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Military


Political crackdown (2001-2002)

The border conflict, which led to between 70,000 and 100,000 deaths and the displacement of over one million people, had wider political ramifications. In Ethiopia critics of the Prime Minister asked why Ethiopian troops did not advance further into Eritrea; while in Eritrea there was criticism of how the war was handled by the President.

Criticism within the PFDJ surfaced among top-ranking officials when President Afwerki refused the US-Rwanda mediation proposal in 1998. It intensified after Eritrean troops lost control of Badme and the Government was subsequently compelled to sign the Algiers Peace Agreement. Dissenters questioned President Afwerki’s leadership in closed sessions of the PFDJ Executive Council in January and August 2000. In October 2000, a group of 13 Eritrean prominent figures in the PFDJ sent a letter to President Afwerki to ask for more transparency in Eritrean institutions and greater freedom of expression. Initially meant to be private, the letter was leaked to the media and came to be known as the “Berlin Manifesto”, from the name of the city where it had been drafted.

Following the September 2000 session of the National Assembly, a commission headed by the Minister of Local Government, Mr. Mahmoud Ahmed Sherifo, was set up to prepare guidelines for recognising political parties that would participate in the national elections scheduled for December 2001. However, President Afwerki refused to approve the draft guidelines presented to him. After Mr. Sherifo leaked them to the media in January 2001, he was removed from his post. He then joined a group of 15 officials who, in May 2001, published an open letter to PFDJ members.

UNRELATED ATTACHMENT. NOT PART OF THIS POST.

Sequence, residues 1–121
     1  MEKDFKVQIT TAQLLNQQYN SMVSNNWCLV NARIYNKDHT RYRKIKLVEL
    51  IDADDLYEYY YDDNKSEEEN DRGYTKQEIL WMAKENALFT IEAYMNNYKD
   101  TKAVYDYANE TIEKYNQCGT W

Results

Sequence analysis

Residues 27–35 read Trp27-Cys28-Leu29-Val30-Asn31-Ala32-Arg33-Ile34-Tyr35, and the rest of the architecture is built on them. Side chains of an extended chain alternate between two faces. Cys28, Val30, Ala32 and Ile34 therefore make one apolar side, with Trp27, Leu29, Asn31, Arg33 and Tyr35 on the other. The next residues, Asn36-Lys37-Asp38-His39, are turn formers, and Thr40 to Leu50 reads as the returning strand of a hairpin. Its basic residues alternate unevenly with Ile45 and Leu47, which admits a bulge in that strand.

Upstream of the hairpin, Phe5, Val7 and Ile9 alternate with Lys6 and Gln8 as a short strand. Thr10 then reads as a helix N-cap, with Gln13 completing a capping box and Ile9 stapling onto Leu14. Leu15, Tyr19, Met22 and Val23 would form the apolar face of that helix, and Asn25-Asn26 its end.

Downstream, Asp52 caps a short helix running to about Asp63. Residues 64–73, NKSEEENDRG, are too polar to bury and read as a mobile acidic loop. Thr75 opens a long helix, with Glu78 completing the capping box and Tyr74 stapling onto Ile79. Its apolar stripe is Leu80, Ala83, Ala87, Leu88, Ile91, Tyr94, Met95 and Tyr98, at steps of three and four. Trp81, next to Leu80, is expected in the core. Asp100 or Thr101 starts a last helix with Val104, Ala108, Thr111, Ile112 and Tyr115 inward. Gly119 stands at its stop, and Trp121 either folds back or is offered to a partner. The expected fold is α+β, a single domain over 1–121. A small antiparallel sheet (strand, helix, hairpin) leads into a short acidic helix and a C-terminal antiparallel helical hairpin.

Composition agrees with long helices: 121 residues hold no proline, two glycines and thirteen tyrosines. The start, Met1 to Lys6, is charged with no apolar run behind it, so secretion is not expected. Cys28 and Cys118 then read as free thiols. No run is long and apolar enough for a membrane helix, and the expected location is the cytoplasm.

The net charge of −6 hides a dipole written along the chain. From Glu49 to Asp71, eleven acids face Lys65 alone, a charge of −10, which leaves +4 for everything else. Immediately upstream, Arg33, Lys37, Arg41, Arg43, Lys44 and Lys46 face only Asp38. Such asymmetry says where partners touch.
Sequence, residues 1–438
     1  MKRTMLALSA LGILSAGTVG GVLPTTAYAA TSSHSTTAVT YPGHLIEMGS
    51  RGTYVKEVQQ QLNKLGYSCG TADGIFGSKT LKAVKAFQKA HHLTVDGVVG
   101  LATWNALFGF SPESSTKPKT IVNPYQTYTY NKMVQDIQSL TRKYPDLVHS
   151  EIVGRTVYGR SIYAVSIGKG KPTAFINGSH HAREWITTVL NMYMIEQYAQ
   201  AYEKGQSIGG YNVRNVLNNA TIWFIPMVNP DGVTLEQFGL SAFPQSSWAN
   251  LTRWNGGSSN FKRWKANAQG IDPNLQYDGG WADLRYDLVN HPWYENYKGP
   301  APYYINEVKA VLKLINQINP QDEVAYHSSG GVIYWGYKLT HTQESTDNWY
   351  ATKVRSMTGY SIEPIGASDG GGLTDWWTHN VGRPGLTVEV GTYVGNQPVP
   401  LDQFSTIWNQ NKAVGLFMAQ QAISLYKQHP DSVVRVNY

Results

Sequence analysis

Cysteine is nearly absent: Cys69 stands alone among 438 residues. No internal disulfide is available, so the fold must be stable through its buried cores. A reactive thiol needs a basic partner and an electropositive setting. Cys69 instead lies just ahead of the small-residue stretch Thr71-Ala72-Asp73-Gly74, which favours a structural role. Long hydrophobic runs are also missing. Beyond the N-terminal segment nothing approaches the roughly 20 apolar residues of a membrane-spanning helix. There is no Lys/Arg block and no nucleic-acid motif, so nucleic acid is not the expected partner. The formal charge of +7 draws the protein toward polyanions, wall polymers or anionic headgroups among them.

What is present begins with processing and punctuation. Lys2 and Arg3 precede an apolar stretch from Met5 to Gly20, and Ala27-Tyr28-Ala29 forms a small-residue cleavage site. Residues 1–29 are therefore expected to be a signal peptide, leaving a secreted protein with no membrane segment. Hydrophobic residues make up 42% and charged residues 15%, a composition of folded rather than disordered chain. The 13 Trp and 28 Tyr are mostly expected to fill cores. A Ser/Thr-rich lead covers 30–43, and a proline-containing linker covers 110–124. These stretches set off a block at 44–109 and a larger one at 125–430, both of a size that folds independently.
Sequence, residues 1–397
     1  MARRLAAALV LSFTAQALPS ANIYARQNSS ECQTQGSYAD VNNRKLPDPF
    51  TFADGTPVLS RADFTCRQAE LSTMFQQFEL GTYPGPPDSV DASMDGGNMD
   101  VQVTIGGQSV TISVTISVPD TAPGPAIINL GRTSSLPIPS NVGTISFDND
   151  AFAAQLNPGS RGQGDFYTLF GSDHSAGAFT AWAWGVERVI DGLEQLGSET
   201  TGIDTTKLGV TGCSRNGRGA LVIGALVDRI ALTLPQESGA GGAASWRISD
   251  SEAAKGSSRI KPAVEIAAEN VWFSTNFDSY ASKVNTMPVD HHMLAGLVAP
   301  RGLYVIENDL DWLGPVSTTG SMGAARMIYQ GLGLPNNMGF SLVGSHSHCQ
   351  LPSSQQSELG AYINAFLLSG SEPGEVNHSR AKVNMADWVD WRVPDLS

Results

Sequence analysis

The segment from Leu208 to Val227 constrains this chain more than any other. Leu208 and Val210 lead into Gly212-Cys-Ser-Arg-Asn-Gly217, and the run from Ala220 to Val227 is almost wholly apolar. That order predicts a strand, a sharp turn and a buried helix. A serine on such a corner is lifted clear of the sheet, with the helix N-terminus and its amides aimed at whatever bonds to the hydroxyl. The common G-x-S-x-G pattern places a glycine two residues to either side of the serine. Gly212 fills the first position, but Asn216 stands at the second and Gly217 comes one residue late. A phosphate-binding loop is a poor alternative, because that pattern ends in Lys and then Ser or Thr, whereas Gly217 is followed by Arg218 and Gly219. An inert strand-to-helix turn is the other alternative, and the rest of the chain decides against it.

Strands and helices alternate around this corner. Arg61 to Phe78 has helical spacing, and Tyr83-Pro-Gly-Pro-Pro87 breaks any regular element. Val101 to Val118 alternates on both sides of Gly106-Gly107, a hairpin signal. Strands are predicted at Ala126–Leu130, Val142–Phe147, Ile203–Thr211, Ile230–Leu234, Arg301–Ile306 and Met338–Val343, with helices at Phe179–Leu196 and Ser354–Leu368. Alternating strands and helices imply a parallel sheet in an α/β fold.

The signatories of the letter, known as the “G-15”, were all dignitaries and members of the Executive Council and the Central Council of the PFDJ. Besides Mr. Sherifo, they consisted of Mr. Haile Woldensae, Mr. Mesfin Hagos, Major General Ogbe Abrha, Mr. Hamid Himid, Mr. Saleh Kekya, Brigadier General Estifanos Seyoum, Major General Berhane Ghebre Eghzabiher, Ms. Astier Feshatsion, Mr. Mohammed Berhan Blata, Mr. Petros Solomon, Mr. Germano Nati, Mr. Beraki Ghebreslassie, Mr. Adhanom Ghebremariam, and Mr. Haile Menkerios.

In their letter, the members of the G-15 called for “peaceful and democratic dialogue” and “rule of law and justice.” They diagnosed Eritrea as in “crisis” and identified the heart of the problem in the way President Afwerki had ruled the country, which, according to them, was “illegal and unconstitutional”. They pointed out that “instead of taking action to correct its mistakes, the Government [had] tried to cover them up and silence criticism by threats creating an atmosphere of fear and intimidation.” To address this situation, they called for the President to govern “by the constitution and the law” and the legislature should counter-balance the Executive. They asked for elections to take place and for the PFDJ to function in a more transparent and participatory manner. They also called for the impartiality of mass media “to encourage the protection of human rights”; for freedom of expression and political discourse; freedom of action of NGOs; the dismantling of the Special Court; the independence of the Judiciary; and for individuals who had been detained for long periods of time without trial to be brought before a judge.